When we point fingers at each other for errors it leads to controversies and conflicts. When we rationalize our positions despite errors involved it leads to debates. When we empathize with ourselves and others for errors it gives rise to positive dialogues. But when we are able to discern and identify the root cause of errors beyond egoistic frames where they take on concrete images and features of their own we are able to work out their real nature and rise as a whole beyond them. The Mother in her prayers and meditations helps us look deep within ourselves to enable us to identify and uproot the actual cause of errors in the course of our individual and collective progress. This is a great lesson in how to manage and lead better.

But such an all inclusive and all compassionate vision for leadership may arise only when one sets out to synthesize one’s own self and consciousness. How can one manage and lead well if there are discordant notes within oneself? Can we have truly transforming practices in management and leadership if our managers and leaders don’t learn how to elevate and integrate their own consciousness in the light of their higher self?

Prayers unite and synthesize the scattered threads of our self and consciousness and engineer it into a fine-tuned instrument to play a larger role to the best of our potential for a larger good.

Prayers help us realize and connect with the essential divinity that forms the core of our pure being and also help us realize and connect with how this essential divinity manifests in our outer material life:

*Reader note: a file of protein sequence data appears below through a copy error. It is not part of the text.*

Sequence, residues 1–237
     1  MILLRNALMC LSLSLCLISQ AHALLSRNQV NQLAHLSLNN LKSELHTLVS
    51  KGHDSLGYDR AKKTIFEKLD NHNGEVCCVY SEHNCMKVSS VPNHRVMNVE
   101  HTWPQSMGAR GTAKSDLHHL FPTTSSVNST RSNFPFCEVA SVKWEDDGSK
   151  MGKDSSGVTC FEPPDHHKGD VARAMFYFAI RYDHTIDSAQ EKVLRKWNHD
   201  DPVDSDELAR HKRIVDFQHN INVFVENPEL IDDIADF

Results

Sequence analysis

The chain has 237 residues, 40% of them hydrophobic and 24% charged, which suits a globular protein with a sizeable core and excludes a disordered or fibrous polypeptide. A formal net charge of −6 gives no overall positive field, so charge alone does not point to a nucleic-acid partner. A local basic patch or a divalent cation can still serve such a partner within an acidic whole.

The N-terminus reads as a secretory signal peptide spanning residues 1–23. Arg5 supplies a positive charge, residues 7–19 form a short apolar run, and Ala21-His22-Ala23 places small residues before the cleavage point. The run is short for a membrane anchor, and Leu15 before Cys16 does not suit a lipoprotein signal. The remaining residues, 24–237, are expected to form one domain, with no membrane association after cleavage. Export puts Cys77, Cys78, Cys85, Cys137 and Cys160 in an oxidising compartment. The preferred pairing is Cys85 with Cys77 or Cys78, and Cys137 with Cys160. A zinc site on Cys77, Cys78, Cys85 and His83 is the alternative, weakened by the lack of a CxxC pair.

“It is Thou that makest the experience fertile, Thou who renderest life progressive, Thou who compellest the darkness to vanish in an instant before the Light, Thou who givest to Love all its power, Thou who everywhere raisest up matter in this ardent and wonderful aspiration, in this sublime thirst for Eternity.” 

More important than the urge to perform the right action and to do the right thing is ‘the calm of deep waters’ in which we perform that can turn our actions into a true service to the cause which we set out to serve:

“To torment oneself about doing the right thing causes as much harm as a bad will. Only in a calm as of deep waters can be found the possibility of True Service.” 

Not only the inner peace from where our actions and performance flow matters but also the harmony for which we aspire to reign in and around ourselves:

“O SWEET harmony that dwellest in all things, sweet harmony that fillest my heart, manifest thyself in the most external forms of life, in every feeling, every thought, every action.” 

All our efforts at peace and harmony prove impotent if the call and action for peace and harmony rise from a deep impatience and perturbation in our own consciousness. It’s like treating a patient for an ailment injecting the same infection that’s the cause of the ailment.

Prayers grow in intensity and gain power in moments of intense humility: 

“I am a veritable zero in the world.” 

“From the depths to the outermost surface, all this, my being, is only a handful of dust; it is but natural that it should be scattered on the winds and leave no trace behind…” 

As prayers have the power to connect us with,

“…(the) Supreme Dispenser of all boons, Master of our destinies and goal of all our aspirations….” 

the Mother would have the power of the prayers redirected to the ultimate good of the earth and all life upon it: